An Interview with Swami Kriyananda
The first time I came in contact with Swami Kriyananda was 1990, when I went to Spiritual Renewal Week, my first experience at Ananda. This was the year he conducted all of the talks on The Essence of Self-Realization—the title of his book of sayings of Yogananda which was being published at the time.
Unfortunately, I wasn’t yet fully aware of what Kriyananda meant to so many people, or of how infrequently he led entire weeks of activities at the Expanding Light. So my contact with him was minimal. I did learn at Spiritual Renewal Week that this was my path. A week of soaking up Ananda’s vibrations, the energy of the people, the obvious light and inner freedom shining from their eyes, and a kirtan with 300 people certainly helped. But more than that, the vibration I’d felt whenever I went to Encinitas or Lake Shrine, or any other place where Master’s energy permeated the grounds, was magnified through the people at Ananda. My lifelong search for my spiritual path had been realized.
I went to Ananda many times after that, but I didn’t see Kriyananda again for four years. Believe me, I thought many times about how I could’ve talked with him during Spiritual Renewal Week 1990, but never did.
When I came in 1994, it was to receive the higher Kriya initiation and to interview him for a magazine article. My partner at the time and I spent three hours with Swamiji at Crystal Hermitage. Needless to say, the conversation was half-interview, half-path. I was struck by his gentleness and his ability to offer perspectives that went far beyond the tip of his nose. But the experience went beyond that: his eyes and his words permeated my heart and soul, and I could feel, without question, that exact same energy that had drawn me to Yogananda’s ashrams for many years when I lived in Southern California. He hugged us goodbye, and that was the end of it—until the next morning, when I awoke feeling a clarity of mind and body that was indescribable.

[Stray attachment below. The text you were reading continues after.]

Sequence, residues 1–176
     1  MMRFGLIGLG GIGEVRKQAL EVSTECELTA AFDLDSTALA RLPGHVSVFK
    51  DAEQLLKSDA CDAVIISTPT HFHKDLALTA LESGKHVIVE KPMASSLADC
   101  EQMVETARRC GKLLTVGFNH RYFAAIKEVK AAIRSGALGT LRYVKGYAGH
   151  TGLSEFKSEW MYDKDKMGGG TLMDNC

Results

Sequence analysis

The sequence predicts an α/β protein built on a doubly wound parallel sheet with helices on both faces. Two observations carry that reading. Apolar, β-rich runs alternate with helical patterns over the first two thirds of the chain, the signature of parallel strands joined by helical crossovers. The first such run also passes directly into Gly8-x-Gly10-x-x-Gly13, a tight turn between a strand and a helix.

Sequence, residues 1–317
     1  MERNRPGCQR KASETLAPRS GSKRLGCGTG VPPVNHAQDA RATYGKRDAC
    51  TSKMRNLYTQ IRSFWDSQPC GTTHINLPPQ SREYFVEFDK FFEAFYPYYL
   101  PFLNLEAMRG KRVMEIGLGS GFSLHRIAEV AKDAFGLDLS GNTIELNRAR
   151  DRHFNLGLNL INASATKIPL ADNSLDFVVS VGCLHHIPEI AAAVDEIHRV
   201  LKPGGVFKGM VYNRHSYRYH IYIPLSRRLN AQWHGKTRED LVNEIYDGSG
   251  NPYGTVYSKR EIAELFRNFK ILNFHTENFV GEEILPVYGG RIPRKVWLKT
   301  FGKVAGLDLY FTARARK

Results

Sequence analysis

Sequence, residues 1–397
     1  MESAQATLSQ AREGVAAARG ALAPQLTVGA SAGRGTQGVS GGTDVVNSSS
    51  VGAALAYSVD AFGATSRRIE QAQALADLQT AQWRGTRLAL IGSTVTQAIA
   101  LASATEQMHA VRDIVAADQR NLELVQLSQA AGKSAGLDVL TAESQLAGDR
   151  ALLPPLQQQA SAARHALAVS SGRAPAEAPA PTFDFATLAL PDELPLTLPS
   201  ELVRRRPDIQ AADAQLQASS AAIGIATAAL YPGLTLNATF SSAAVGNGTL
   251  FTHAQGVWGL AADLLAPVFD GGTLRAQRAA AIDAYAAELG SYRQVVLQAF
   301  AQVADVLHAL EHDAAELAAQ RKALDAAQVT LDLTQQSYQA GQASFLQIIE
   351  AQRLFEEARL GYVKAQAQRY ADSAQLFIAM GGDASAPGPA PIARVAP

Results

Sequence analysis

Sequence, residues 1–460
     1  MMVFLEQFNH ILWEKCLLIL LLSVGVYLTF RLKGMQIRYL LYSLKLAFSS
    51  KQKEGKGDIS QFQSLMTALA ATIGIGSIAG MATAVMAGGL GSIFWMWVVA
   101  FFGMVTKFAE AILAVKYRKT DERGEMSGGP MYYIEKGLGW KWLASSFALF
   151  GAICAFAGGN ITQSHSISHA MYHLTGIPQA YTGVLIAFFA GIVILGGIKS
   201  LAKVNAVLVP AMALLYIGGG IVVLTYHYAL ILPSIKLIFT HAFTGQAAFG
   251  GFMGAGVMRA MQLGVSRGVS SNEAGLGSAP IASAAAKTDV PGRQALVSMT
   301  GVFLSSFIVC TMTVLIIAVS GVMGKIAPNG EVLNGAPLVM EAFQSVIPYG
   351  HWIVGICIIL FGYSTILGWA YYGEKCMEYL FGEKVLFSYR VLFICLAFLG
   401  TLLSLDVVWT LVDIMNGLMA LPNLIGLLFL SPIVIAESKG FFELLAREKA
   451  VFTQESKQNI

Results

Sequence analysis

I’ve since connected with Swami briefly on a few other occasions, but never like the one-on-one interview in the summer of ’94. My comment to any critics of Swami Kriyananda is: try to equal what he has done for others—sharing a great path of light, love, bliss, and oneness with God to perhaps a million souls so far. Experience all that he has experienced, and then judge him.
My experience is that Swami Kriyananda expands one’s inner and outer freedom with his perceptions and his energy. He sincerely cares about the spiritual disposition and growth of everyone he meets. To me, Kriyananda is one of the best teachers, if not the best, I’ve ever come across in my life. His books, tapes, music, words, and personal company are guideposts for me. And as we begin the process of establishing Ananda activities in Florida, it’s great to know that we’re fortunate to have a teacher like him, and a body of resources like his, especially with his direct connection to Yogananda and the Masters of this path.
Bob lives in Safety Harbor, Florida where he works as a journalist.